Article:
It is a simple question. With the data we have now, the estimates for at least the transient "sensitivity" to an equivalent forcing of a doubling of CO2, approximately 3.7 to 4.1 Wm-2, are decreasing to a range of roughly 0.8 to 2.1 C degrees. The base "no feedback" sensitivity to a doubling is 1 to 1.5 C degrees. All warming greater than that requires amplifying of positive feed backs that are not currently showing in the data.
The atmospheric effect or the limiting impact of "surface" heat loss due to all the properties of the atmosphere, is approximately 334 Wm-2 with an uncertainty range of 15 Wm-2 by my estimation and 345 +/- 9 Wm-2 per the Stephens et al energy budget, is produced by the total thermal energy stored by the "true" surface, mainly oceans. Since any amplification that may exist is include in the atmospheric effect, for a small change, 334Wm-2 to 338Wm-2 it is unlikely that there will be more than a minor amplification since the increase in "true surface" would offset warming near the rate it currently offsets warming.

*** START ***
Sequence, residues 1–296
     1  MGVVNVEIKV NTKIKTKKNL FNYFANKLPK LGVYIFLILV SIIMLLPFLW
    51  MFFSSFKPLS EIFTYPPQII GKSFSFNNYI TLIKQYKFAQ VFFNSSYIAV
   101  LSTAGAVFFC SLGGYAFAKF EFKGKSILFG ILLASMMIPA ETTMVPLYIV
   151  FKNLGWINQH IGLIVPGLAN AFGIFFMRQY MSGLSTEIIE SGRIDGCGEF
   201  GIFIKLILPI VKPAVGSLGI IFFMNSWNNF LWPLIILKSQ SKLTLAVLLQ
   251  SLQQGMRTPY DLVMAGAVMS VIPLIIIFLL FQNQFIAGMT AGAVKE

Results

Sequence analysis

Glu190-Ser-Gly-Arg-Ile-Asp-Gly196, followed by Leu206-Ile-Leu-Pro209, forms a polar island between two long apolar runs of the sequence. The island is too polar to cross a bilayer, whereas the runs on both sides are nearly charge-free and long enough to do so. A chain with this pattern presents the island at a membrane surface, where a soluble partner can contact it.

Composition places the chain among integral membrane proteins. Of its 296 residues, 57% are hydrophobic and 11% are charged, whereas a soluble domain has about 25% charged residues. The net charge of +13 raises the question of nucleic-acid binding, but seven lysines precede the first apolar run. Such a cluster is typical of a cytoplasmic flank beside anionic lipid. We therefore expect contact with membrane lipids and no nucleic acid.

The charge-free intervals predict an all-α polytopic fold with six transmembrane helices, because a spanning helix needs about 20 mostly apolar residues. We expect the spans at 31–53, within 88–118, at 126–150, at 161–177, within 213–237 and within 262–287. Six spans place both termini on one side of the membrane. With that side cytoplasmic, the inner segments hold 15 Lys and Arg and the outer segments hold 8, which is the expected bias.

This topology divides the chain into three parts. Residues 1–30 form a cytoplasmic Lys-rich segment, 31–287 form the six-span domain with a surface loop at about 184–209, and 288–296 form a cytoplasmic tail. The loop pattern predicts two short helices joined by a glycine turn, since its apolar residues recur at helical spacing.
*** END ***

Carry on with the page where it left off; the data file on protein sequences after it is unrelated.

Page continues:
The average energy of the bulk of the oceans is approximately 4C degrees or 334.5 Wm-2, the ocean quite likely produce the energy that creates the majority of the atmospheric effect. Land area in the habitable range, that excludes the Antarctic and most of Greenland is only 20 to 24% of the surface area and has already been developed to a great extent. There is little in the way of glacial expanses left to be impact other than Greenland with will take centuries of more to melt based on most estimates.
So is there any legitimate reason to expect warming greater than the no feed back climate sensitivity?
That is the center of the debate. Not that CO2 does not have some impact, just what is the reasonably expected impact. Most "advocates" tend to provide unreasonable, alarming, overly confident high estimates. Provide a valid reason to expect more if you do.